The White House underlined its support for biofuels today, forming a Biofuels Interagency Working Group that will include the Secretaries of Agriculture and Energy, as well as administrator of the Environmental Protection Agency.
The group is to develop the country’s first comprehensive biofuels market development program, while also providing financial assistance, such as helping to refinance troubled biofuel factories and guaranteeing loans for new bio-refineries. It also will help build a market for biofuels products by developing policies to increase flexible fuel vehicle production and assist in retail marketing efforts.
The timing could not be better. The National Biodiesel Board noted yesterday that a review of the March biodiesel production numbers show commercial biodiesel production fell to 30m gallons. That trend, if it continues, could well reduce industry production to half of the 700m gallons produced last year, the board said. The White House wants the biofuels industry, like all alternative energy industries, to grow, not contract.
Low-energy light bulbs have been the subject of increasing controversy as we draw closer to the date when the UK and the European Union have decided to phase out incandescent bulbs in favour of the more efficient variety.
Complaints over the quality, size and shape of low-energy bulbs, and about the kind of light they give out, and claims that the bulbs contain a list of nasty substances, (overdone claims, according to the scientists) have exercised sections of the British press. (Who knew that incandescent lightbulbs had inspired such love and devotion?)
Now energy-efficient lightbulbs are coming under attack for a different reason.
Far too many are being given out free to consumers.
Environmentalists and the Mafia make strange bedfellows in the pursuit of wind power in Sicily. You could be forgiven for wondering if the notorious Italian gangs have belatedly developed a conscience. In reality this episode serves to highlight the deep contradictions in European policies towards renewable energy.
Australia has now committed to cut its emissions by 15 to 25 per cent, compared with 2000 levels, by 2020. But is this commitment all that it seems?
Australia’s commitment appears still much weaker than that of other countries such as the European Union. Under the Kyoto protocol, Australia was allowed to increase its greenhouse gas emissions, and did so. Although for years, until the election of Mr Rudd in 2007, the country refused to ratify the protocol, it was – ironically – always on track to meet its commitments.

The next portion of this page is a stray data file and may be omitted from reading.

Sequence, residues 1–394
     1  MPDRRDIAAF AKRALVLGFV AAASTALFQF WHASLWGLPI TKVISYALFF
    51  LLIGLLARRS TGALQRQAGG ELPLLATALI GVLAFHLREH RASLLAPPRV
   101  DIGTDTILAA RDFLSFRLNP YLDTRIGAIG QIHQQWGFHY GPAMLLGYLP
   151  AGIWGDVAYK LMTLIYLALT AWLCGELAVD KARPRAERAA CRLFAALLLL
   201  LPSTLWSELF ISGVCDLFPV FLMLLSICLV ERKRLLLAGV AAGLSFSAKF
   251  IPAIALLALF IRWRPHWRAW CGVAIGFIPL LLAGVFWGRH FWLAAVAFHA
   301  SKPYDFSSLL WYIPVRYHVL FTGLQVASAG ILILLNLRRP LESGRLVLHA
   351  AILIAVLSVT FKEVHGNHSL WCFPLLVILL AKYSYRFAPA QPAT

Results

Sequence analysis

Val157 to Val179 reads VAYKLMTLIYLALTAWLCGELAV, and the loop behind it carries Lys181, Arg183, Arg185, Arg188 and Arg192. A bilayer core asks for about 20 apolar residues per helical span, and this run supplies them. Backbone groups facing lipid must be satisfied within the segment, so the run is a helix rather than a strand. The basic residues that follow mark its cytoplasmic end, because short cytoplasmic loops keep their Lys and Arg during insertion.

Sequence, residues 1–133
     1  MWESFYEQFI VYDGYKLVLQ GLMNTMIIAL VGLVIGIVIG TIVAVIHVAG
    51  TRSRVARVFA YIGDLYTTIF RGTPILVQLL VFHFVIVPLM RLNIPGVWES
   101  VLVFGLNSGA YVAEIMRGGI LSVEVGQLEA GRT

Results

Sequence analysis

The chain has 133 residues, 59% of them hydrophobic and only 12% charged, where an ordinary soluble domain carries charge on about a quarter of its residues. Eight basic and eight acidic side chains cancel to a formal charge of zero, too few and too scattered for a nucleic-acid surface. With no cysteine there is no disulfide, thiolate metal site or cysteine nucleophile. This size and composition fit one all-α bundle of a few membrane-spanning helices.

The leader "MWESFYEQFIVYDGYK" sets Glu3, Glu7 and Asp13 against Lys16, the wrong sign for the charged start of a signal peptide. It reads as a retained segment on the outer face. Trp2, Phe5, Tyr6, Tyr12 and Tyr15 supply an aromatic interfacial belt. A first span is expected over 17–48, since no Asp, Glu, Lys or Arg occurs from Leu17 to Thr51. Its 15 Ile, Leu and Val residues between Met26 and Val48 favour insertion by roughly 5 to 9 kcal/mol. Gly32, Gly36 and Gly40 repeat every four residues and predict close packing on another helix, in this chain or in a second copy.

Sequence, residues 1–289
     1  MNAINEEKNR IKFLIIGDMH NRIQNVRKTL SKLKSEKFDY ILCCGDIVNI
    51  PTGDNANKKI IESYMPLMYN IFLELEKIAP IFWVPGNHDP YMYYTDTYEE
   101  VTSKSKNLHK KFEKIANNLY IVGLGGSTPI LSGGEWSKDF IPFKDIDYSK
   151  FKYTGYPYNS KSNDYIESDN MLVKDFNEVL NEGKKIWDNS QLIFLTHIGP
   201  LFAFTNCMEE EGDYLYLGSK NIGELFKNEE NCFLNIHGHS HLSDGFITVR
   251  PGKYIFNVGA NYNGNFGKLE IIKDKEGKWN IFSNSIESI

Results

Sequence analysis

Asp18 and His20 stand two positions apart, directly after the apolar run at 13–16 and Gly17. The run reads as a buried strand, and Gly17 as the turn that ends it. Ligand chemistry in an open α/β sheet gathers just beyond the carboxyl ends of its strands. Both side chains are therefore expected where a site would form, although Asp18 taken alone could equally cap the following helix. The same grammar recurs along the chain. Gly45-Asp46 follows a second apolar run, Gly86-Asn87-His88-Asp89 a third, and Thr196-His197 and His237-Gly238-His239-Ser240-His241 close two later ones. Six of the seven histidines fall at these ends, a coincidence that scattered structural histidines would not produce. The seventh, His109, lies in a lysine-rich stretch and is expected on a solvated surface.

What effect will the delay to the start of the Australian emissions trading scheme have?
Kevin Rudd’s government made the U-turn on Monday, announcing the introduction of the scheme would be put off by one year to mid-2011. It was embarrassing for the prime minister as only recently he insisted said any change to the original plan would be “irresponsible”.
However, in a nod to proponents of stronger action on climate change – and don’t forget that global warming was a big part of Mr Rudd’s election campaign – the government said it would raise its target on emissions reduction.
As almost 20,000 flock to the world’s biggest wind power conference in Chicago this week, it is not surprising that oil and gas executives in a survey of alternative energy from KPMG say they believe wind will be the biggest winner from President Obama’s policies.
Almost two years ago, I took a look at the fledgling market in carbon offsetting and discovered a lot of rather peculiar practices: companies selling offsets that resulted in no net emissions savings; companies asking consumers to pay them to cut their pollution; companies reaping massive rewards in carbon credits for a tiny outlay. All of these practices, it should be noted, are perfectly legal.
The idea behind offsetting is sound – you pay someone else to make an emissions cut because that is cheaper than you cutting emisions yourself.
- Royal Dutch Shell at risk of investor pay revolt
Investor advisory groups raise concerns over board pay (FT)
- Mafia link to Sicily wind farms probed
EU subsidies lure organised crime (FT)
- Green energy tangled in web of shady deals
Italian investigators try to track gangs (FT)
- Obama faces climate test with EPA rule on ethanol
Agency to rule this week on whether fuel cuts emissions (Reuters)
- US lawmakers to consider bill for disposing nuclear waste
Options include reprocessing and long-term storage near plants (Platts)
- Iraq’s prime minister supports Total’s oil-exploration bid
Al-Maliki says he wants company to sign contract in June (Bloomberg)
- Siemens to build wind-turbine factory in Kansas
Company aims to catch up to GE and Vestas (WSJ)
- Australia delays carbon emissions limits
Promises more industry support (FT)